New Orleans returns to "green"

Audubon Park, New Orleans

I went for a long weekend to New Orleans to re-connect with an old friend a few weeks ago, and came back with a whole new perspective. My soul received exactly what it needed... and when one experience ended, so many more incredible ones began. It had been twenty years since my last trip, and while much had changed, there is a spiritual and environmental awakening taking place in souls and parishes all over town. No wonder Sandra Bullock moved here.

Southern Live Oak, Audubon Park, New Orleans

Five years after Katrina, New Orleans is thankfully starting to show signs in the green department--as in growth--although it is sporadic and slow. The tragic Southern Live Oaks that were demolished are being replaced with new ones as well as other shrubs and trees, but it will never look the same, at least not in our lifetime. This is sad yes, but now is a time to focus on what is growing.

Spanish moss drips from oak tree, Audubon Park, New Orleans

Mardi Gras beads in the gloaming, New Orleans

Flowering cabbages under crepe myrtle tree, Garden District, New Orleans

I spent my first full day being spoiled in the Garden District where it cheats you into thinking New Orleans isn't so bad with its over-the-top, shaggy vegetation. As I staggered down Magazine St., visually drunk from the never-ending cascades of Spanish moss and Mardi-Gras beads, I started thinking about what I would write about. I came to re-connect with a friend who was so dis-connected, I ended up immersing myself into the city that seemed to have a lot in common with my own past.

Monkey bar, New Orleans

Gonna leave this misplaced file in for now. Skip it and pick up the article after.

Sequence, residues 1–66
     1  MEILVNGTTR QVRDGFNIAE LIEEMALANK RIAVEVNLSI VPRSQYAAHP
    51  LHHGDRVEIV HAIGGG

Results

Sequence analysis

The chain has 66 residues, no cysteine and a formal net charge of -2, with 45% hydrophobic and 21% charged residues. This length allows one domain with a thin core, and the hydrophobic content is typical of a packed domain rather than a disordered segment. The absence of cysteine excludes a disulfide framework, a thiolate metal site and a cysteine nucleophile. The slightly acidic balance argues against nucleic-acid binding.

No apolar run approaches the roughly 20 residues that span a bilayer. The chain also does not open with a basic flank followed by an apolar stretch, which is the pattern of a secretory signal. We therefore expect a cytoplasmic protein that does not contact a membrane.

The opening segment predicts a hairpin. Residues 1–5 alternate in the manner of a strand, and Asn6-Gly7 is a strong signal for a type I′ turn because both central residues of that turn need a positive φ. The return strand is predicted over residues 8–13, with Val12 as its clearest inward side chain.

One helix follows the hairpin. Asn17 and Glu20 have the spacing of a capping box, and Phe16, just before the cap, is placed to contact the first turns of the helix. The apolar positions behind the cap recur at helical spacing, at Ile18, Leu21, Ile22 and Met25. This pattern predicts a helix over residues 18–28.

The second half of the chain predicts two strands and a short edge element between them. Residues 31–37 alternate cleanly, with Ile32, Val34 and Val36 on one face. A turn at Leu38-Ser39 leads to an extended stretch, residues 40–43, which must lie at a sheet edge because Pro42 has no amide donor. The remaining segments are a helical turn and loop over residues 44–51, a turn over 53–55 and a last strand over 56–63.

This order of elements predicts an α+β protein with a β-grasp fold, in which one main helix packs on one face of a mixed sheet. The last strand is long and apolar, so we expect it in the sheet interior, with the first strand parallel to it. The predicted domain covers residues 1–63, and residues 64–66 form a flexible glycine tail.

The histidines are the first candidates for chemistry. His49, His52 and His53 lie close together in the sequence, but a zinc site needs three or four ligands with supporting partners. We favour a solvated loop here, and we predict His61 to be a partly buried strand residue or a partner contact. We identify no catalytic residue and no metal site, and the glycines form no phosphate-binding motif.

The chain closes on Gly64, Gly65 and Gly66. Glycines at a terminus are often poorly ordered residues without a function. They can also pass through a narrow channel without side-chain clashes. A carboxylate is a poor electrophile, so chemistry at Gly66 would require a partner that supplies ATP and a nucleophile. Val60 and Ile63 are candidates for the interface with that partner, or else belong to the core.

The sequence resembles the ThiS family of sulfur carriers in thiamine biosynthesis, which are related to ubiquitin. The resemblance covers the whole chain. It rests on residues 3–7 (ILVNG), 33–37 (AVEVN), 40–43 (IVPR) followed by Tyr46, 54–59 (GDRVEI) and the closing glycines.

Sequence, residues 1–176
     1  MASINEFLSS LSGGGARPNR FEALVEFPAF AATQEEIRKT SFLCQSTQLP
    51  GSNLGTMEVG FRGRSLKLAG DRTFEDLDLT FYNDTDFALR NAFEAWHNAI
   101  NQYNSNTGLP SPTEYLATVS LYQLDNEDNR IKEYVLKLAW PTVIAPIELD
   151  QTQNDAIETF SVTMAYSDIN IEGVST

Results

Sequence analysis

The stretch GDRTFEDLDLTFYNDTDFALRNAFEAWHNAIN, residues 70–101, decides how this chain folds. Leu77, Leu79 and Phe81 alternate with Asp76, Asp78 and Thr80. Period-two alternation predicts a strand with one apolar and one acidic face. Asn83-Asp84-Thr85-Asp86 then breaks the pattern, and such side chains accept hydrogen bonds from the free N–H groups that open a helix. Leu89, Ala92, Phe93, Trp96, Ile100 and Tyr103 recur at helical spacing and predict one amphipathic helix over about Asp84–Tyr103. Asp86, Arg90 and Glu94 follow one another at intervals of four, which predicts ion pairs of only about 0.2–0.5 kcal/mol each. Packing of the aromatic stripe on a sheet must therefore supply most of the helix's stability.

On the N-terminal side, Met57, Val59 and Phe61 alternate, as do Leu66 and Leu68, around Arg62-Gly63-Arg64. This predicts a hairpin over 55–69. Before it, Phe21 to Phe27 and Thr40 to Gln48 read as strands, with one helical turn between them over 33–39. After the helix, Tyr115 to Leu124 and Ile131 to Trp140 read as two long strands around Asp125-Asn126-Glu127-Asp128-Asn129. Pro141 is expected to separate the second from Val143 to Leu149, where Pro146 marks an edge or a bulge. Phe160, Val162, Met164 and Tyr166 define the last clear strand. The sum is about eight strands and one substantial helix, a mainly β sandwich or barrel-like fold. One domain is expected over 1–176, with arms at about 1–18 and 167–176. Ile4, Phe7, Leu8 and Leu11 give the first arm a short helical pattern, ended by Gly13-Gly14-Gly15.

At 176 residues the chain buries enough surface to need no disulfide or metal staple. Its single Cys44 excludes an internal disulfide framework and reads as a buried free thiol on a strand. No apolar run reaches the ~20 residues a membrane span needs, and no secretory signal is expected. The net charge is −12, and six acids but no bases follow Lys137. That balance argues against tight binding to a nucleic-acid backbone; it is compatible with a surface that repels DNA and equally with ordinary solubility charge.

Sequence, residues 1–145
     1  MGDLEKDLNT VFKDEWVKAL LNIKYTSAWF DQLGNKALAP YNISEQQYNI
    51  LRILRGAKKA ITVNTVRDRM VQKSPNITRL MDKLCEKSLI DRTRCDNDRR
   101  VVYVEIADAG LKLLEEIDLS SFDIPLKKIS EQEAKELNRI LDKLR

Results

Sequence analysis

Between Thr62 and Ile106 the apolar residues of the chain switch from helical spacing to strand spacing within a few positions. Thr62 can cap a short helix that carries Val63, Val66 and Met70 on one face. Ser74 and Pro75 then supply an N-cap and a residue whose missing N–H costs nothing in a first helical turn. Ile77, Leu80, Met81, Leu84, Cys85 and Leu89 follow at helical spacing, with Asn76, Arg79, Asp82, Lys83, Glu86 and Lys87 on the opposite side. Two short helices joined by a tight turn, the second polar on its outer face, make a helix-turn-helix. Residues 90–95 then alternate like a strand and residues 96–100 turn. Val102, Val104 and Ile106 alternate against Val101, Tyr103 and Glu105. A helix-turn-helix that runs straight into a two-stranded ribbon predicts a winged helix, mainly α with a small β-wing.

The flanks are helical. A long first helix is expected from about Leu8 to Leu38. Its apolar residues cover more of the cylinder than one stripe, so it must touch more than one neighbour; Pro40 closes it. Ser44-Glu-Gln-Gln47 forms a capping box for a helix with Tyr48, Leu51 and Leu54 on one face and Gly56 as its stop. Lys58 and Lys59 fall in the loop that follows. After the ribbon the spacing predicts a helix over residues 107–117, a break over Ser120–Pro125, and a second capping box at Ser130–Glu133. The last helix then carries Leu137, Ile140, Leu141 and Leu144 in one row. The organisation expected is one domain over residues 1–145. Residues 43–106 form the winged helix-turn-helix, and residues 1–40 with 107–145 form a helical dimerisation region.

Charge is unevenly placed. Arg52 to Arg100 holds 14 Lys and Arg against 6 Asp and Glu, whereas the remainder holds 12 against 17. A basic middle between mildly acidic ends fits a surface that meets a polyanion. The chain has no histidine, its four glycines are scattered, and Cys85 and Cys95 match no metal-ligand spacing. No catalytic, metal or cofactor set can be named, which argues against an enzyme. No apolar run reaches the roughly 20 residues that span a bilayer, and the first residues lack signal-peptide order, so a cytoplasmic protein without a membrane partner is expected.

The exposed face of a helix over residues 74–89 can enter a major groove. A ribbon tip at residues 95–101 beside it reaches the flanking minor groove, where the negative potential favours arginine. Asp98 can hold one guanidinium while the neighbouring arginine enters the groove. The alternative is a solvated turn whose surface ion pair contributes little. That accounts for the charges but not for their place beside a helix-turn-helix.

I spent my first night with a combination of Sauvignon blanc, milky Saki (not so sexy), sushi and lots of lit up shops and bars. It was dark, but I caught a glimpse of a vine covered garden that looked a bit mystical. When I found it the next day covered in more vines, willow branches and some beautiful wrought iron, I saw a sign that said, "Mitch's Flowers." It looked just like my studio garden, a bit untended, though quite shabby chic, with enough unusual botanical elements to make me want to find out what kind of magic was going on inside.

Mitch's Flower Shop, New Orleans

Mitch's Flowers, New Orleans

I walked through the willow arbor and met the ladies responsible for the decadent woodsy outdoor display-- none of whom were named Mitch, by the way. I told them I was a flower spy from the east-coast and lived to discover unusual botanical finds, and they invited me to take as many pictures as I wanted. It was like southern hospitality with a punctuation mark-- I fell instantly in love with their shop, and with them. Their friendliness and enthusiasm caught me off guard, as did their great hand-made oyster plates.